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Peace Train: Senseless mass killings a product of militarism, imperialism

In a militarist society, it’s difficult to keep assault weapons away from killers

Almost everyone is shocked and appalled by the atrocious murders of 10 human beings at the King Soopers grocery store on Table Mesa Drive on March 22.

Why did these murders happen? Why are dangerous weapons so readily available in our country? Why does paranoid mental illness sometimes take the form of lethal aggression in American society? There is a vital, but usually unacknowledged, connection between the plague of senseless mass killings that afflicts this nation and our long history of militarist imperialism.

The United States is clearly a militarist country. It has about 800 foreign military bases (more than all other countries combined), a huge weapon-producing industry, a military budget exceeding that on the next 10 countries combined, an addiction to interminable warfare, an ideology that justifies policing the world, a willingness to kill hordes of people in poor non-Western countries, and a determination to be the global hegemon.

Militarism and imperialism are fraternal twins. Both are deeply imbedded in American history. American militarism and imperialism were initially forged in the expropriation and extermination of the Indigenous population, a process which entailed almost continual warfare. Both of these fraternal twins were accelerated by the Mexican War of 1846-48 and the Spanish American War of 1898-1902.  And under the successive impacts of World War II and the Cold War, U.S. militarism and imperialism leaped forward (literally in tandem). Unfortunately, this dismal duo has had profound impacts upon American culture and society.

Imperialism produces political arrogance, a sense of being exceptional, and an intense desire to expand. Militarism induces a flood of weaponry, fascination with the technology of killing and an almost erotic love of guns. Imperialism breeds aggression towards adversaries, a craving for domination and an admiration for violent power. Militarism generates insensitivity to the suffering of others, toleration of death and veneration for killers in uniform. Imperialism and militarism jointly engender what the eminent historian Chalmers Johnson calls the “sorrows of empire.”  For example, 9/11 was basically caused by U.S. militarism and imperialism. The current plague of senseless mass killings is yet another “sorrow of empire.”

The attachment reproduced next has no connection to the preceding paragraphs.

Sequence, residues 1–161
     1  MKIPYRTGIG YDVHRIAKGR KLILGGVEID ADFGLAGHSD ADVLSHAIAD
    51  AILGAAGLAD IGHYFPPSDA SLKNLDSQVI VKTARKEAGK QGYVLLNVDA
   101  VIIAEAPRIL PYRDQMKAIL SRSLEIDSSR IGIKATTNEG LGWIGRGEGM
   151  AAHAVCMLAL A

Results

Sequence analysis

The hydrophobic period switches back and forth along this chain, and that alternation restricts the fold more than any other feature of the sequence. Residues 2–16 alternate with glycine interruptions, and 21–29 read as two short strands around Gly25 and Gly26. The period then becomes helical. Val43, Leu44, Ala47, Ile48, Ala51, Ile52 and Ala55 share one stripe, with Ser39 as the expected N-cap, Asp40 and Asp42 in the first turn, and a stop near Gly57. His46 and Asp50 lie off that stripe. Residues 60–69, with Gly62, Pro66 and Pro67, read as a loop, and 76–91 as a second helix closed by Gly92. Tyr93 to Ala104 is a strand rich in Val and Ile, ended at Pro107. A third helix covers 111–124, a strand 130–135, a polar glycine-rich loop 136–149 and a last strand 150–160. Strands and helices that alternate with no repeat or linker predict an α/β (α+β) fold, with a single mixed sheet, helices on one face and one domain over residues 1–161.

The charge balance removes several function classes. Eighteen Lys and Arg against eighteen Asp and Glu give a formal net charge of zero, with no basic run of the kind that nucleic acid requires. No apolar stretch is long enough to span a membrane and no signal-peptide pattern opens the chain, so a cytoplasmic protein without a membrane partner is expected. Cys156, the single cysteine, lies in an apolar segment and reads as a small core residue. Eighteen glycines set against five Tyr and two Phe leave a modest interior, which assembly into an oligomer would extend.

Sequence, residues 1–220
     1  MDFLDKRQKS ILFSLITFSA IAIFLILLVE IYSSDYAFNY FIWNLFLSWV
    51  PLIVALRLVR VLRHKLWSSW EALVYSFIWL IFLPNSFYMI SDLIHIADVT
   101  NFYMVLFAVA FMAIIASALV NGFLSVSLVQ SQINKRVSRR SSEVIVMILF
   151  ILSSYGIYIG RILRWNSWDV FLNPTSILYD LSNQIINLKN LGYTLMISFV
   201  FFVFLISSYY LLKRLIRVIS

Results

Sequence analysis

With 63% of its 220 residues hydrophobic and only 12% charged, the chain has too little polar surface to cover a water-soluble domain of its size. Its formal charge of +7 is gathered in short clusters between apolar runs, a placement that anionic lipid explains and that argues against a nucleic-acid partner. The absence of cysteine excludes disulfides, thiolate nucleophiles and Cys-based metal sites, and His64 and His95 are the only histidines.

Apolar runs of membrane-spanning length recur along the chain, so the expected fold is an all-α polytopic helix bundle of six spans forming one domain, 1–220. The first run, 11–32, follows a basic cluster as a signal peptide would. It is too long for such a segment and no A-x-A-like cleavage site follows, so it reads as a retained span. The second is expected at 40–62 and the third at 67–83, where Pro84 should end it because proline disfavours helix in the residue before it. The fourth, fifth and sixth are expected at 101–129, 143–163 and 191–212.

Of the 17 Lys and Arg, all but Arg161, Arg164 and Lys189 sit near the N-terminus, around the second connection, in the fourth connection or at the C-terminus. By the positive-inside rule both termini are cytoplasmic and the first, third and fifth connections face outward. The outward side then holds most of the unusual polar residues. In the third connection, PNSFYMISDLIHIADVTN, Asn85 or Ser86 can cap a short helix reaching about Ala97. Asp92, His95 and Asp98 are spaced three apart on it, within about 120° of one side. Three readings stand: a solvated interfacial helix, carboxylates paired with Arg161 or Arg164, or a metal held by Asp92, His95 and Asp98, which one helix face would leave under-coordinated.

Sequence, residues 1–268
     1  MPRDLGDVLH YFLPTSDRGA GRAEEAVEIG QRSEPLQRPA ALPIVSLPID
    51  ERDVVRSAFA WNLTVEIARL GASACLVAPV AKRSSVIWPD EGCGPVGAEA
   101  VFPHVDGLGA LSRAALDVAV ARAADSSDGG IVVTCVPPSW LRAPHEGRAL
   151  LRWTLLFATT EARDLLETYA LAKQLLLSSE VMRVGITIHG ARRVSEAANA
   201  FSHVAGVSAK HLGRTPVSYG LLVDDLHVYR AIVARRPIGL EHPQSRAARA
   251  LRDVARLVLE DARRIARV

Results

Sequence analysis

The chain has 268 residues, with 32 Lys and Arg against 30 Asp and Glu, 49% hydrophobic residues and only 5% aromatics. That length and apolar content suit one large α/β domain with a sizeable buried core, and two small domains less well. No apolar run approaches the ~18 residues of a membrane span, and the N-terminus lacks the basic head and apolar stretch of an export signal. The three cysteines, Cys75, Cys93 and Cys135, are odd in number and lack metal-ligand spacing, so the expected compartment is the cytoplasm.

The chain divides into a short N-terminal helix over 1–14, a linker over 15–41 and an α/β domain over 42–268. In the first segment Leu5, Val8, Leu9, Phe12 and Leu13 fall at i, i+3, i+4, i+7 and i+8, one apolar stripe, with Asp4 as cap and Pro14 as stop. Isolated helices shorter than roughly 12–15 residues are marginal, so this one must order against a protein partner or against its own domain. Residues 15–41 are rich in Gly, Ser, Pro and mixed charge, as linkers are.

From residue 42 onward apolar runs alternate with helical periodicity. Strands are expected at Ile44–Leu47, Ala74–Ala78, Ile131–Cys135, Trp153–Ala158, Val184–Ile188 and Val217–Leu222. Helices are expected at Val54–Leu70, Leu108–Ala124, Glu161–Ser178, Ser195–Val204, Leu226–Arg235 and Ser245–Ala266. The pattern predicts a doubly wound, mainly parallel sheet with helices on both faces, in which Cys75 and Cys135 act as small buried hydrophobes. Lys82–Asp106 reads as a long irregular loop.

Of course pointless mass killings, like the Kings Soopers’ slaughter, are done by deranged human beings. But the form taken by lunacy is structured by the culture in which that lunacy is located. In a militarist culture that venerates lethal force and celebrates its purveyors, paranoid insanity will sometimes become deadly belligerence. And the means for executing such perilous belligerence will be readily available. Chalmers Johnson writes that, “The most serious sorrow of empire is the irreversible damage we do to ourselves.”

I strongly support rigorous gun control legislation. But I also doubt that such restrictions will be as efficacious as their liberal advocates suppose. Within an intensely militarist society, it is extremely difficult to keep assault weapons away from conniving lunatics. Moreover, the imperialist-militarist values that steer deranged human beings towards random homicide remain intact.

The most appropriate memorial to the 10 people killed at King Soopers would be eliminating the basic causes of their shameful slaughter. This implies working for rigorous gun control legislation — but more profoundly, it implies building a movement to dismantle the entrenched militarism and imperialism of American society. If this should happen, the martyrdom of the Boulder 10 will not have been in vain.